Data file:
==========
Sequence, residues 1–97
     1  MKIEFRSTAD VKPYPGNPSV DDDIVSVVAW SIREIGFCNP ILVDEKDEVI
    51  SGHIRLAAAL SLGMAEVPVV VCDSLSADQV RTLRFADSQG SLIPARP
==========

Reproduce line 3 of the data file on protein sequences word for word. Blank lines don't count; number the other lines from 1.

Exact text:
    51  SGHIRLAAAL SLGMAEVPVV VCDSLSADQV RTLRFADSQG SLIPARP